Brotherhood of Railway and Steamship Clerks, Freight Handlers, Express and Station Employees v. Allen

PETITIONER: Brotherhood of Railway and Steamship Clerks, Freight Handlers, Express and Station Employees
RESPONDENT: Allen
LOCATION: Clauson's Inn

DOCKET NO.: 316
DECIDED BY: Warren Court (1962-1965)
LOWER COURT:

CITATION: 373 US 113 (1963)
ARGUED: Mar 25, 1963
DECIDED: May 13, 1963

Facts of the case

Question

Media for Brotherhood of Railway and Steamship Clerks, Freight Handlers, Express and Station Employees v. Allen

Audio Transcription for Oral Argument - March 25, 1963 in Brotherhood of Railway and Steamship Clerks, Freight Handlers, Express and Station Employees v. Allen

Earl Warren:

Number 316, Brotherhood of Railway and Steamships Clerks, Freight Handlers, Express and Station Employees, Petitioners versus, Anna Mae Allen et al.

Mr. Kramer.

Milton Kramer:

Mr. Chief Justice, may it please the Court.

This case arises from a number of employees of the Southern Railway, suing that Railway and its non-operating unions to enjoin the enforcement of a union-shop agreement entered into by the railroad and the unions.

The unions that was sued, the railroad and the union-shop agreements are the identical unions, railroad and agreement that were involved in Street -- in International Association of Machinists against the Street which this Court decided a year and a half ago.

Arthur J. Goldberg:

[Inaudible]

Milton Kramer:

The AFL-CIO is asking you to reconsider Street, and I think you might well do so.

We have not asked the Court to reconsider Street because it is not necessary to do so.

The decision below, we say is inconsistent with Street, taking Street as it is.

Although, we concur with the AFL-CIO that the Court might well be considerate and state that no cause of action was shown in this case.

But taking Street as it is, the plaintiffs in this case have not shown a cause of action under the Street case and even if they had, the relief that was given them is inconsistent with the relief that this Court said could be given when there is a cause of action.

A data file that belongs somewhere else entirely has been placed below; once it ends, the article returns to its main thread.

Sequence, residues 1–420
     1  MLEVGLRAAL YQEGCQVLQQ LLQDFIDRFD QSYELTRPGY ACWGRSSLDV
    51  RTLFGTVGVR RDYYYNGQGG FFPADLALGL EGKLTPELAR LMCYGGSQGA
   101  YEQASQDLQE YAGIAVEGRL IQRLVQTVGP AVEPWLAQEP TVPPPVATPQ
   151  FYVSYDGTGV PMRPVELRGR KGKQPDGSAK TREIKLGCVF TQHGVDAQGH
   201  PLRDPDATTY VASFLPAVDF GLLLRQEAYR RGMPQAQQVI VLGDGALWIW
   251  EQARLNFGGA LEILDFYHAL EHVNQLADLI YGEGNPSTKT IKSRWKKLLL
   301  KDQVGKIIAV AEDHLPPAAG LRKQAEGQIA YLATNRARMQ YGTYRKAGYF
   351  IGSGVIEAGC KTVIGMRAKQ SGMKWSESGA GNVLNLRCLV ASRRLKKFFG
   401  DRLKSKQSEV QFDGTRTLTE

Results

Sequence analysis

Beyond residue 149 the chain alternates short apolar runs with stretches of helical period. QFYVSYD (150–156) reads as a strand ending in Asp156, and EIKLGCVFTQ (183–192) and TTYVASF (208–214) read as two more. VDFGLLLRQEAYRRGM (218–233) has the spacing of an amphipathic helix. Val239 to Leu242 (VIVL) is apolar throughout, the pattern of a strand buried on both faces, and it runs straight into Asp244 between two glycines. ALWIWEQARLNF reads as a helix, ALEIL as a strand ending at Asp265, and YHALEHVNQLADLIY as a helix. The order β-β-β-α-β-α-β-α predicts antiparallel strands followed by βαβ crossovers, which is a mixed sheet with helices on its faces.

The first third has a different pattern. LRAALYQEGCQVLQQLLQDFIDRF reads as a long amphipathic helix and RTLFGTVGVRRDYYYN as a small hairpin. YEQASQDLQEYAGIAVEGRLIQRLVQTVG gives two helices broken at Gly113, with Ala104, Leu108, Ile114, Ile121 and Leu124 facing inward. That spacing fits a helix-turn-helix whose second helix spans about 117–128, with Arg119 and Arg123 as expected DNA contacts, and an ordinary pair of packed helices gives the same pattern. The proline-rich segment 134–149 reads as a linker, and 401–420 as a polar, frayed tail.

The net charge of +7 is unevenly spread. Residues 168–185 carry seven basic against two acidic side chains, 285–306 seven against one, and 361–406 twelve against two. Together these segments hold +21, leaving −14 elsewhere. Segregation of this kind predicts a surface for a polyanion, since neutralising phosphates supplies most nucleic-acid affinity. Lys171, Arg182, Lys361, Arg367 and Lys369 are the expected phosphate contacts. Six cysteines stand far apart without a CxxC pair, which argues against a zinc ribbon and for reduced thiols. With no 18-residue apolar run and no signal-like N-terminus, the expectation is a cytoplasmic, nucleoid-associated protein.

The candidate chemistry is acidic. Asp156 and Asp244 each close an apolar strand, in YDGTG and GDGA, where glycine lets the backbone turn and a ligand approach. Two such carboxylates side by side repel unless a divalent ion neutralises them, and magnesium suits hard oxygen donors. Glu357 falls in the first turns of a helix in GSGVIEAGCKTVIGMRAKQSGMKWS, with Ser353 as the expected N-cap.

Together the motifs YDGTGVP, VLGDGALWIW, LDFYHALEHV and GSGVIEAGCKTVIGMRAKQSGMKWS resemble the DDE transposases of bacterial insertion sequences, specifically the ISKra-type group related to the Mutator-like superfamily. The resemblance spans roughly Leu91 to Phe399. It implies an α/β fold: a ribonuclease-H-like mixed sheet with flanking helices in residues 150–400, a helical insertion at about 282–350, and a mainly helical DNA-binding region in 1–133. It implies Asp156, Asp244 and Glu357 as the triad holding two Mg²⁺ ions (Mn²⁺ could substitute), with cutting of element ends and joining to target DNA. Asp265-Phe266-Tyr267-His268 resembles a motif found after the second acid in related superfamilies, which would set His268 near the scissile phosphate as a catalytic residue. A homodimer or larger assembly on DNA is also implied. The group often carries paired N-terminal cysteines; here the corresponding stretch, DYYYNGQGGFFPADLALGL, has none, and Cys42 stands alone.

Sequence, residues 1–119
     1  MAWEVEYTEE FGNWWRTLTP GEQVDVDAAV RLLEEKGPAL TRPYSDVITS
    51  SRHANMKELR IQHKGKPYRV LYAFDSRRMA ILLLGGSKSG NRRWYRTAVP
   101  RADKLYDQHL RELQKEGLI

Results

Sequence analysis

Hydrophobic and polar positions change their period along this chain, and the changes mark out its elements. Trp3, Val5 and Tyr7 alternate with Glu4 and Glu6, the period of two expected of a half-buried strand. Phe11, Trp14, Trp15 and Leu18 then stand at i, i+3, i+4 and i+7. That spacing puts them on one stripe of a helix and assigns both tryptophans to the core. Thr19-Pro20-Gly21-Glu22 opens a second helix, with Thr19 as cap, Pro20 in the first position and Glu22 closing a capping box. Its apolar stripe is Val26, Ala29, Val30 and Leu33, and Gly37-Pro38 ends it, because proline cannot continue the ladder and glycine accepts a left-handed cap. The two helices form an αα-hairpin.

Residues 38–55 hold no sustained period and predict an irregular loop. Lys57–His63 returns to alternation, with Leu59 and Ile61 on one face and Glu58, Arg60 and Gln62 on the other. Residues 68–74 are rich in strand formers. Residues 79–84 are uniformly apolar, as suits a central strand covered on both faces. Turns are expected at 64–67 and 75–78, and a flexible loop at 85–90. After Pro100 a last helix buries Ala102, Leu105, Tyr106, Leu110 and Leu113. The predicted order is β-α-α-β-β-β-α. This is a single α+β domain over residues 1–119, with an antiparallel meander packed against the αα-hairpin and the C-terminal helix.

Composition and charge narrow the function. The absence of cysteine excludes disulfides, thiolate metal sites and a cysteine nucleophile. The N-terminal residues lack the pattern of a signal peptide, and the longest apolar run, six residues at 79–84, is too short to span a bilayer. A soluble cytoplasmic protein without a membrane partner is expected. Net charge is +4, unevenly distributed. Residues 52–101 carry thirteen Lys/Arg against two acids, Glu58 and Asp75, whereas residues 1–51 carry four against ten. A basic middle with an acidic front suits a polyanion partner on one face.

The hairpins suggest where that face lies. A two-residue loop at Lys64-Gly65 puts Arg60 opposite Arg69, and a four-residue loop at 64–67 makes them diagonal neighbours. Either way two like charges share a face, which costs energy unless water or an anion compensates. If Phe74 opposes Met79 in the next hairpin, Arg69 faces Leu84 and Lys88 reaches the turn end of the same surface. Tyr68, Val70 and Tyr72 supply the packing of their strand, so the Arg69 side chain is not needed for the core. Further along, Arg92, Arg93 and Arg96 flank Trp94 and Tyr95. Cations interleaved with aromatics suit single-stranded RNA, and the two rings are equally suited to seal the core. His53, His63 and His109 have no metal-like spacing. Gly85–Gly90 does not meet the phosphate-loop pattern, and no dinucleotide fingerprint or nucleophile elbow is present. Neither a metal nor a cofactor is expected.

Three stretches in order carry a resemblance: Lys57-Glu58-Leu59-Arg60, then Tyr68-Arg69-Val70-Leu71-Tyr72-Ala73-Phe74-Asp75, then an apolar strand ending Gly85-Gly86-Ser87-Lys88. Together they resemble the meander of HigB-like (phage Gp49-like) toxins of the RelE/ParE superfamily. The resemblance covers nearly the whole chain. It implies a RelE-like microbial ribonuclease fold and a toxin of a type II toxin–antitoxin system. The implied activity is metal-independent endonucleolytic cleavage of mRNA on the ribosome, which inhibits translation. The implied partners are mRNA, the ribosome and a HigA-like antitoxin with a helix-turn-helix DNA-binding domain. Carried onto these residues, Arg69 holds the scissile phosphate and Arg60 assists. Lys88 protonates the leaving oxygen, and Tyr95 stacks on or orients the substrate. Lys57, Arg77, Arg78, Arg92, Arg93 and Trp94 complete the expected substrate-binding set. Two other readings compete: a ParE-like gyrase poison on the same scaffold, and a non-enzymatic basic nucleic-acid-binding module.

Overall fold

In fact, the relief given here is precisely the relief that this Court said could not be given.

William J. Brennan, Jr.:

[Inaudible]

Milton Kramer:

Pardon?

William J. Brennan, Jr.:

The case -- only inconsistent?

Milton Kramer:

Well, it is at least inconsistent.

It is in direct violation.

William J. Brennan, Jr.:

The proviso does say, it's directly to the contrary.

Milton Kramer:

It is directly contrary.

The plaintiffs below chose not to comply with the union-shop agreement.

Instead, they sued to enjoin its enforcement saying that they were not members of the union, did not pay it any money, did not want to pay it any money, and that to enforce the agreement against them would be unlawful.

Now after this Court decided the Hanson case that was a case that came from Nebraska in which this Court upheld the validity of the union-shop agreement and reversed the Supreme Court of Nebraska which had set it aside on the ground that the money might or might not be used in accordance with the individual's view.

This Court in this Hanson case said that wasn't enough; might or might not and therefore, reversed.

This is exactly the Hanson case.

The case was tried before a jury.

14 of the plaintiffs testified and their counsel stated that of the others, two were no longer employees, one was in a position exempt from the union-shop agreement, and that the remainder if they testify, would testify the same way that the 14 did.

William J. Brennan, Jr.:

This is not a class action?

Milton Kramer:

And this was brought as a class action but the trial court did not sustain that it's a class action.

Byron R. White:

[Inaudible]

Milton Kramer:

That is correct Mr. Justice.